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« Fast Takeoff: Errors, part 2 | Main | Cool Nanoscale Stuff »

April 02, 2009

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todd andersen

“Even a primitive molecular manufacturing system has the potential for substantial economic impact on a rapid time scale”. I agree if we assume a mass doubling every 2 hours and starting with a complete MM device perhaps 2’ by 2’ something that would fit nicely on a Wal-Mart shelf. We are looking at world wide availability of the unit with in 3 days given FedEx will transport the unit.
Everyone on the planet could have access within a few more days. As a side thought I would like to be on the team that plans the rollout. There are many many questions as to the capabilities of the “black box” MM device.
The lead time spoken of above should allow us the U.K. the Chinese and India as well as a hand full of countries to be close. We can hope the CIA dose a terrible job of hiding the technology and the big world players will know allot a bought the thing before we have it, assuming “we the U.S. “have it first. My hope is this info will soften the blow and not scare the hell out of everyone else.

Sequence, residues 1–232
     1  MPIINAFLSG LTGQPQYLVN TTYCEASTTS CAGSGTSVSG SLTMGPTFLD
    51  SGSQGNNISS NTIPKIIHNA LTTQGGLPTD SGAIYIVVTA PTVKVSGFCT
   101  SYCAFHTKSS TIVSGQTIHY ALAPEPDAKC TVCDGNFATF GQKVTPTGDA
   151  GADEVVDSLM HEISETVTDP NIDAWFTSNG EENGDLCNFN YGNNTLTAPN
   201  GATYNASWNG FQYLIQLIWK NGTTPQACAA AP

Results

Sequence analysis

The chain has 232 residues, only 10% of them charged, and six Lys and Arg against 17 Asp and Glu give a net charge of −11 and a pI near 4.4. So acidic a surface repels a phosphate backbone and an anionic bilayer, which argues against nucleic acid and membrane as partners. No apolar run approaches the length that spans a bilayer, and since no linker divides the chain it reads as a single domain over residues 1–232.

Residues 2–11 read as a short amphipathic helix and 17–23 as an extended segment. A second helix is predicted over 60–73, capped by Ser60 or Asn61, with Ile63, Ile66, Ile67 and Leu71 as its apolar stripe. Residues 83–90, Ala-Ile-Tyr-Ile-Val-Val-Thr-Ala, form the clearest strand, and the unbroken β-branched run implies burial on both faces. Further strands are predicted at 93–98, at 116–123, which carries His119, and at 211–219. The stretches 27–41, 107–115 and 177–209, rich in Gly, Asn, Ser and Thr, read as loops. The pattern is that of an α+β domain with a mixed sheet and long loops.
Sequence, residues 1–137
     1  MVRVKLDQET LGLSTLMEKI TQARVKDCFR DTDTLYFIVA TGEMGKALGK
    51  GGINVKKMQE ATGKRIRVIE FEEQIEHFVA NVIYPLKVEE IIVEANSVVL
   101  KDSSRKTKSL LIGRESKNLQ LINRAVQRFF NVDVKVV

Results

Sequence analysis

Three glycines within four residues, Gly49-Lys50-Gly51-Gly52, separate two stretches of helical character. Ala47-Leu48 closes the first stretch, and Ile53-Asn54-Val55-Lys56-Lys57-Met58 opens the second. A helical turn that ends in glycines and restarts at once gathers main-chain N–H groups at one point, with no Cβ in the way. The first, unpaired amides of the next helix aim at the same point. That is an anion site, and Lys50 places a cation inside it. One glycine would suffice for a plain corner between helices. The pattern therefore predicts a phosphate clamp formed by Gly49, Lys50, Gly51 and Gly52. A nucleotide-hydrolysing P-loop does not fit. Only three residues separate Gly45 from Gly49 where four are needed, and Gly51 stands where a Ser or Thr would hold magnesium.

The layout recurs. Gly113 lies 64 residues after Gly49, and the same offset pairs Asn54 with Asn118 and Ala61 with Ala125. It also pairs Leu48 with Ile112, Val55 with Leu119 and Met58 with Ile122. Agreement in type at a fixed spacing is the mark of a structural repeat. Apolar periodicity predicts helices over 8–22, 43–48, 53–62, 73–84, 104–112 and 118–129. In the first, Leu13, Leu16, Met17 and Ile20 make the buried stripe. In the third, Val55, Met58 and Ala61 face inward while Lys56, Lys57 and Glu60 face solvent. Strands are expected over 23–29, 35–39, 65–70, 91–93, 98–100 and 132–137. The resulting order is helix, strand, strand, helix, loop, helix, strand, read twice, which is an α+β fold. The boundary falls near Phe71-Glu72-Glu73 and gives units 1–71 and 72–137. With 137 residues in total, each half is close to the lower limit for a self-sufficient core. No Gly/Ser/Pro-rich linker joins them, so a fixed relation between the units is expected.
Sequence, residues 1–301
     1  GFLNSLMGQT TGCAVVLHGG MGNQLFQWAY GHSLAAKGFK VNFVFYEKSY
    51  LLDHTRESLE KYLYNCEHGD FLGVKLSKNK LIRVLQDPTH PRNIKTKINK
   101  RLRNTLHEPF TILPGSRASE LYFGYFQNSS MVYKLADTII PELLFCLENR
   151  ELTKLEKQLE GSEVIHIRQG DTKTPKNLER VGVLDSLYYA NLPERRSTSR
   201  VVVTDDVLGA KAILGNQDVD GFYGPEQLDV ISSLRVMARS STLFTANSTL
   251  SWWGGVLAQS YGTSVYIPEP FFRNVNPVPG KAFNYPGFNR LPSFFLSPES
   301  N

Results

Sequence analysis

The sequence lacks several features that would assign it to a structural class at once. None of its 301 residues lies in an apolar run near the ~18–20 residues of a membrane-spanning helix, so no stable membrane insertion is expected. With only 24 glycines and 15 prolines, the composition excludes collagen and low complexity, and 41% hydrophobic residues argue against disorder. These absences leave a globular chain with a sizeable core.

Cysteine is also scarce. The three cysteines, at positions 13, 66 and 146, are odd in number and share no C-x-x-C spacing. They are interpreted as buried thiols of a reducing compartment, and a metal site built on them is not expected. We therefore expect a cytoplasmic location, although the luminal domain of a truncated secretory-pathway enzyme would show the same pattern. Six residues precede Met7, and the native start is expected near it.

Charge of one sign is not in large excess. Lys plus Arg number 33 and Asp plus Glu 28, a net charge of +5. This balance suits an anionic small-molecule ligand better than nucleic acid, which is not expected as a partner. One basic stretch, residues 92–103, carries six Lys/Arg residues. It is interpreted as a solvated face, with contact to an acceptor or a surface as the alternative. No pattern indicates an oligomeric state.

I believe the list of useful products will define the impact on the world economy. For instance if a complete working car is on the list the first day, well then the economy is in trouble. It’s more likely the first box will build lots of, little things, useful stuff, but not the big stuff cars plains and trains.
This should again give some time for users, sorry people, to get used to having the thing around. I would say if on opening day we have 5% unemployment then we can expect the number to slowly go up as industries fail do to competition from the box. We have talked a bought this before and the governments have options to deal with this simply extending unemployment insurance payments for 2 years should give plenty of time for the transitions from a economy of scarcity to the economy of plenty.
I think if we get through the first 2 winters and we are all still eating we are good. I have many concerns for the power grid and of the food supply not so much the availability but who is going to maintain and move power and who is going to maintain and move food.


Anyway just some thoughts


Todd

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